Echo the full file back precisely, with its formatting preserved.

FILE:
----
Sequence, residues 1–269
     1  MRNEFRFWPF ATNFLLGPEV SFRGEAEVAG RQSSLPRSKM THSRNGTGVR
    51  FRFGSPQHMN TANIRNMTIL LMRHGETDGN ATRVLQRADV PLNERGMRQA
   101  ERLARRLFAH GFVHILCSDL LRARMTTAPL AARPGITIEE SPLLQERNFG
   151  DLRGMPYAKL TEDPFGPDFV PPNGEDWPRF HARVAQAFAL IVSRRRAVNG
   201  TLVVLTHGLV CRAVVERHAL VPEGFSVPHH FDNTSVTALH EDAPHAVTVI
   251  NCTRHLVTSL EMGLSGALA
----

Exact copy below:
Sequence, residues 1–269
     1  MRNEFRFWPF ATNFLLGPEV SFRGEAEVAG RQSSLPRSKM THSRNGTGVR
    51  FRFGSPQHMN TANIRNMTIL LMRHGETDGN ATRVLQRADV PLNERGMRQA
   101  ERLARRLFAH GFVHILCSDL LRARMTTAPL AARPGITIEE SPLLQERNFG
   151  DLRGMPYAKL TEDPFGPDFV PPNGEDWPRF HARVAQAFAL IVSRRRAVNG
   201  TLVVLTHGLV CRAVVERHAL VPEGFSVPHH FDNTSVTALH EDAPHAVTVI
   251  NCTRHLVTSL EMGLSGALA